Imagine one day hearing classic rockers Randy Bachman and Burton Cummings churning out a set filled with jazzier material.
It’s an idea under consideration to follow up last year’s Jukebox, Bachman Cummings’ 17-song set of mostly ‘60s rock covers.
“We’re compiling and sending each other 20 favourite bluesy jazz songs, so we can do, say, a Jazzbox in January or February, maybe,” Bachman, 64, says.
Adds Cummings, 60, “Randy and I both like a lot of the same stuff: Georgie Fame, Mose Allison … artists like those who have influenced us.”
Bachman recently tested the jazz waters with 2004’s Jazz Thing and last year’s Jazz Thing II.
But for both men, their love of jazz can be traced back to their previous bands. Wednesday In Your Garden, We’re Coming To Dinner and Undun came from the same Guess Who that produced These Eyes, No Time and American Woman. Meanwhile Blue Collar and Lookin’ Out For No. 1 complemented BTO’s best rockers Takin’ Care Of Business, Let It Ride and You Ain’t Seen Nothin’ Yet.
“We always liked stuff that swings,” Cummings says. “Back in the ‘60s, Randy and I were always filling each other’s heads to new stuff. He’d call me up and say, ‘You gotta come over and hear such-and-such an album,’ and vice versa.”
With both Jukebox and the potential for a Jazzbox, Bachman and Cummings are enjoying a close friendship once more. They both have left the Guess Who and BTO and all the ensuing politics behind.
“The real problems between us from way back in 1970, that’s just old baggage now,” Cummings says. “You get older, you let all that baggage go. It’s very powerful now, especially on stage.”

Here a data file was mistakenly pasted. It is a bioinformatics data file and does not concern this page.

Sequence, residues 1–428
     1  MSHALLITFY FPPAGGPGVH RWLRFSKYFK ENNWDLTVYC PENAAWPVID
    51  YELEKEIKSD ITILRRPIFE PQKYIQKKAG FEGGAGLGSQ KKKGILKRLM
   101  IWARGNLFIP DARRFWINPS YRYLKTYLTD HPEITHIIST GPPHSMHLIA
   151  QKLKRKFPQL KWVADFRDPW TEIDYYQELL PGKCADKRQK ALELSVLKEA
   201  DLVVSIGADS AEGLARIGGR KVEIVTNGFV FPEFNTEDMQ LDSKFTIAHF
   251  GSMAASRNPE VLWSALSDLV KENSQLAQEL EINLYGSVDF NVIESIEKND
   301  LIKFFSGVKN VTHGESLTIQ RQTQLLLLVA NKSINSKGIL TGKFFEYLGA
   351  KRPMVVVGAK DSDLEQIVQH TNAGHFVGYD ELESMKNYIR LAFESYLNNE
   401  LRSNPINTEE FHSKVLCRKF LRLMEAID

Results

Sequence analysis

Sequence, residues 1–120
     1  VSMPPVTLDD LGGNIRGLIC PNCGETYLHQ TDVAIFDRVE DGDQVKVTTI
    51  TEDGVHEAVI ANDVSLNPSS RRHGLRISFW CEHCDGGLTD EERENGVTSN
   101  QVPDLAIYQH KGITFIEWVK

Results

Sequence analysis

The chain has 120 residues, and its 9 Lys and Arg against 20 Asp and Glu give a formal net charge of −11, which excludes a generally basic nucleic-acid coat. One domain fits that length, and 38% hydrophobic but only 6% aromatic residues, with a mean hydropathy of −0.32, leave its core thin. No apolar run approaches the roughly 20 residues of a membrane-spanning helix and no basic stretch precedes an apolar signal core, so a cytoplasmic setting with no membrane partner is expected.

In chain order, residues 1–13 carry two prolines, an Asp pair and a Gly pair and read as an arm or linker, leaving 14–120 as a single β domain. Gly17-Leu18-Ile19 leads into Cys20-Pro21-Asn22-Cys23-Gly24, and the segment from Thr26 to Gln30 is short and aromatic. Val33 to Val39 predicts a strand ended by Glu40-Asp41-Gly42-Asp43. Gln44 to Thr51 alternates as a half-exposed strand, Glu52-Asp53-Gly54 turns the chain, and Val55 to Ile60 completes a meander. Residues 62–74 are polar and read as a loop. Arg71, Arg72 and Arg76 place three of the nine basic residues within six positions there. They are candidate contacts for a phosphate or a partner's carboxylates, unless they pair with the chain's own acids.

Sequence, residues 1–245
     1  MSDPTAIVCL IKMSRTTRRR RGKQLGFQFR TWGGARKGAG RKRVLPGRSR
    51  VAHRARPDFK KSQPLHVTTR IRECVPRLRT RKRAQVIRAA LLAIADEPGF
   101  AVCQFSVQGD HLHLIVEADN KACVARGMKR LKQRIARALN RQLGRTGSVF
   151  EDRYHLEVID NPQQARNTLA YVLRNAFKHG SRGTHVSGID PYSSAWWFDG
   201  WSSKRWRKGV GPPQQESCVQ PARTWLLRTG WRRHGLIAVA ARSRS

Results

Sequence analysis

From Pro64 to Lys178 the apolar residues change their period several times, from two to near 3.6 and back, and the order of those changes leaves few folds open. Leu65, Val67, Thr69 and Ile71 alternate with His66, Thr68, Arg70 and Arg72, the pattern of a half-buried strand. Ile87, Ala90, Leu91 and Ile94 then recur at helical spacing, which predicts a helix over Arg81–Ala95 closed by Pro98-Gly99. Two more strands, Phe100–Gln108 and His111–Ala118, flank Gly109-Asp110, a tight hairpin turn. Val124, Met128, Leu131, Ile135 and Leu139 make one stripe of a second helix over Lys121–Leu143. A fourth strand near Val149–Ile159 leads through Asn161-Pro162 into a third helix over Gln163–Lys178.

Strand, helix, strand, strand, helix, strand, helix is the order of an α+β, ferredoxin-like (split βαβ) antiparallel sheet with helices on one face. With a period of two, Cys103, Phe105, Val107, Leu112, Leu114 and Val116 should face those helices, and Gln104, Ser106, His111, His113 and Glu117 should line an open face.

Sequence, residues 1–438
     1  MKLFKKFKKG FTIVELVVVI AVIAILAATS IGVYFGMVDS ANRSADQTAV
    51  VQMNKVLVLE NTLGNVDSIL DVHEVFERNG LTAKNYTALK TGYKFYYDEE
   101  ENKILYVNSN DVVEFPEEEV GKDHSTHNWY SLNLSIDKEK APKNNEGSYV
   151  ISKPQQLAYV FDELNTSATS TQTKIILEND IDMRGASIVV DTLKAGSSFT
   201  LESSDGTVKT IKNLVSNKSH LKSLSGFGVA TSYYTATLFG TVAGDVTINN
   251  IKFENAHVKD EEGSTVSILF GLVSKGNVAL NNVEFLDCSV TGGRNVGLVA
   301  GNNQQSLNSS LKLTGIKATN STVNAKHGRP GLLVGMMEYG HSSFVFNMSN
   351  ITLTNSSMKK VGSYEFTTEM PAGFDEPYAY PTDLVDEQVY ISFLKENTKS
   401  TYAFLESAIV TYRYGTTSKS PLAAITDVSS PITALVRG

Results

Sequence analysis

“If we’re daring enough, we’d start to play a song and not tell the other what it is,” Bachman adds. “Inevitably I join in or he joins in, because we both have the same bible of learning — Winnipeg radio.
“We could pull out any song and just do it because we know them — and each other — so well.”
Separately, Bachman keeps busy with, among other things, his popular Saturday night Vinyl Tap show on CBC Radio One and co-writing for various projects. And by September, Cummings hopes to unveil Above The Ground, his first new solo studio album since 1990’s Plus Signs.
“It’s ended up being 19 songs and the first one in my career where I’ve written every song myself, produced the album, paid for it on my own, and so on,” Cummings says. “It couldn’t be any more of a solo project.”
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